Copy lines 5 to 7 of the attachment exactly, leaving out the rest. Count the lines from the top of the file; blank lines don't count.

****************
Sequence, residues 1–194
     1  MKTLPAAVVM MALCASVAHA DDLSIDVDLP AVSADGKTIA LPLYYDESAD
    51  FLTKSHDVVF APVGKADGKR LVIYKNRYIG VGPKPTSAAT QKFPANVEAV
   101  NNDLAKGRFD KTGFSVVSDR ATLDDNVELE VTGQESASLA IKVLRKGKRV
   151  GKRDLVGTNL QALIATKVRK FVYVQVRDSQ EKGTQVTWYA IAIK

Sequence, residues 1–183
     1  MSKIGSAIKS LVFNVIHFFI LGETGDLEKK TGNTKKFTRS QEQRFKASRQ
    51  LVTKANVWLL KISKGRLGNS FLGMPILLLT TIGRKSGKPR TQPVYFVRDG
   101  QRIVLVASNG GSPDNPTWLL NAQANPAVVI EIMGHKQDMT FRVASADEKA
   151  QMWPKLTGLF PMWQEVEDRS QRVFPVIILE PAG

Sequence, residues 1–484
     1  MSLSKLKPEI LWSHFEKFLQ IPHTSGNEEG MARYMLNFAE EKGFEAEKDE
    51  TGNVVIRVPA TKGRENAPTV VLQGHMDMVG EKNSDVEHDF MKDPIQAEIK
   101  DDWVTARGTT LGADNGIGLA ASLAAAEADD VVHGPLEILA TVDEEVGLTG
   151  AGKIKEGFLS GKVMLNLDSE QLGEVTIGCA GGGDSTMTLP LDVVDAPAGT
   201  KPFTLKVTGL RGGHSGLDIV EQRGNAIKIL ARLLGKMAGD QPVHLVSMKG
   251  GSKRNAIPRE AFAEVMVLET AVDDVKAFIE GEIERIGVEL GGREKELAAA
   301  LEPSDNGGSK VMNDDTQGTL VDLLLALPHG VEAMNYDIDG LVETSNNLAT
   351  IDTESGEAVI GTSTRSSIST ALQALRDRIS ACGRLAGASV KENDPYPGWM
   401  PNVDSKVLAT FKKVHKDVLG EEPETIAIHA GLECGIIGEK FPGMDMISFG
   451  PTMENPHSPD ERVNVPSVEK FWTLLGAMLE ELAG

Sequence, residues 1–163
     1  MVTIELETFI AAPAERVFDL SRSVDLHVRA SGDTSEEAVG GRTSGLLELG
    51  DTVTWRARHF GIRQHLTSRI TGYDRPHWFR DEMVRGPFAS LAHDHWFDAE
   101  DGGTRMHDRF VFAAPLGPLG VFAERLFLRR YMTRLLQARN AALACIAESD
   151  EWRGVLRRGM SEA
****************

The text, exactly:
   151  GKRDLVGTNL QALIATKVRK FVYVQVRDSQ EKGTQVTWYA IAIK

Sequence, residues 1–183
     1  MSKIGSAIKS LVFNVIHFFI LGETGDLEKK TGNTKKFTRS QEQRFKASRQ